Those remarks were “a bit pre-emptive,” said Carisa Nietsche, a researcher at the Center for a New American Security, a Washington think tank.
But there is “the beginning of a sea change in Europe,” Nietsche said.
European countries and mobile carriers are now worried that Huawei won’t be able to provide 5G infrastructure as promised given the “massive hit to their business” from the new US export controls, she said.
Huawei’s 5G business in ‘grave danger’
That would prove to be all too true.
Without those chipsets, Huawei can’t build 5G base stations and other equipment, according to analysts at brokerage firm Jefferies.
“Based on the current direct export rule that the US put on, I really think that Huawei’s 5G equipment business is in grave danger,” Jefferies analyst Edison Lee said on a recent call with investors.
“If the law doesn’t change, and if the US-China tension does not de-escalate, then I think there’s a big risk that Huawei will stop being able to provide 5G equipment” from early next year, he added.
Asked for comment for this story, Huawei spokeswoman Evita Cao said “we continue to receive support from our customers,” without going into further detail.
The company said in May that it “categorically opposes” the latest US sanction, calling the new rule “discriminatory.”
“It will have a serious impact on a wide number of global industries” and damage “collaboration within the global semiconductor industry,” Huawei said in a statement. “We expect that our business will inevitably be affected,” it added.
That may already be happening in the United Kingdom.
“I am not a Sinophobe, I won’t be drawn into Sinophobia,” Johnson said on Tuesday. But “I do want to see our critical national infrastructure properly protected from hostile state vendors, so we need to strike that balance.”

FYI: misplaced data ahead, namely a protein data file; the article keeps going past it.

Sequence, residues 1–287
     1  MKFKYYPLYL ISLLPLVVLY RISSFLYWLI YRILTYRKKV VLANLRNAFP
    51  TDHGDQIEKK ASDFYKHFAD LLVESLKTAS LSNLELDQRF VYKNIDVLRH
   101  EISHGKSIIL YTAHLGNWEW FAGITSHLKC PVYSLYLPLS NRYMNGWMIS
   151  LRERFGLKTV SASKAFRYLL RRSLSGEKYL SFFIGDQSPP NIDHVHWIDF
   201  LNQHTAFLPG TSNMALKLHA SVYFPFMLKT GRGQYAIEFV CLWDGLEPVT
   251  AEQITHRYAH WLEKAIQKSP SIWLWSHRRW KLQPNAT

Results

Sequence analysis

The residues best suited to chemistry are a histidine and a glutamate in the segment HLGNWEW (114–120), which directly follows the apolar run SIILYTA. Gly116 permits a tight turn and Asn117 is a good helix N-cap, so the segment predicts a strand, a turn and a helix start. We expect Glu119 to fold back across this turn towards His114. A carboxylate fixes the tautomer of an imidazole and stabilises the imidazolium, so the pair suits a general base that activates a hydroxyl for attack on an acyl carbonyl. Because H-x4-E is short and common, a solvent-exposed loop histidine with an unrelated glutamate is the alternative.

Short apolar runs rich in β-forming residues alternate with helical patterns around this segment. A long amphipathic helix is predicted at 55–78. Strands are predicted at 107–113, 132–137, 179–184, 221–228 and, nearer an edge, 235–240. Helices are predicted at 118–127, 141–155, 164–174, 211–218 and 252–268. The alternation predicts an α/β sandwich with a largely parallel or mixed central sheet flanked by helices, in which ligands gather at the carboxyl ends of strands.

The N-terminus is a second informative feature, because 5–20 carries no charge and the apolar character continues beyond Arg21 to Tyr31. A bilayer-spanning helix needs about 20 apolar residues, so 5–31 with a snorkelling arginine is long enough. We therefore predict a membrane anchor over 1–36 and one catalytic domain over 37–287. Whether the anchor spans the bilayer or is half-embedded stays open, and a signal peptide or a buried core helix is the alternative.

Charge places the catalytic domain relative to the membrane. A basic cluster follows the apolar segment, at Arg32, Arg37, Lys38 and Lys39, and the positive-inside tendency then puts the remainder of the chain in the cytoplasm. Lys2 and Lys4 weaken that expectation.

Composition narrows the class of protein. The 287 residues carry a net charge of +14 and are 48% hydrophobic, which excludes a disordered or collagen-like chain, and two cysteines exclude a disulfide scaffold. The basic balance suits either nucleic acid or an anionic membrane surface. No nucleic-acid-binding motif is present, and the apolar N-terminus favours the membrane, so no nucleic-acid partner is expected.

Huawei said earlier this year that it has secured 91 commercial 5G contracts, more than half (47) are in Europe, 27 are in Asia and 17 are elsewhere in the world.
Critics also say Beijing could force Huawei to spy on other nations. Huawei says that has never happened and if it did, the company would refuse such orders.
Yet even as it claims independence from Beijing, Huawei has been caught up in sparring between China and the United States, and to an increasing degree, the European Union and countries such as India that are growing more wary of China.
There are now “excellent signals” coming from Germany and the United Kingdom “that they will move to exclude or at least will take Huawei out of the core [5G] network,” said Nietsche. Germany, for instance, is scrutinizing Huawei’s data flows to see if the company is breaching European laws, she said.
India, meanwhile, had been going back and forth over whether to include Huawei equipment in the country’s 5G network, said Chaitanya Giri, an analyst with Indian foreign policy think tank Gateway House. Huawei received the green light to participate in 5G trials late last year.
But tensions between New Delhi and Beijing have risen dramatically in recent weeks after at least 20 Indian soldiers were killed in border clashes with Chinese troops stationed in the Himalayas. China has also been singled out in India for blame over the coronavirus pandemic, according to Giri.
Huawei may now get caught up in the escalating tensions, according to Giri. Public sentiment has now “consolidated, that we are not going to use any of the Chinese equipment,” he said.
What Europe and India share, according to Giri, is a growing sense of unease following years of substantial investment by China.
“Big democracies right now are singing in a chorus,” he said. “They understand what’s at stake.”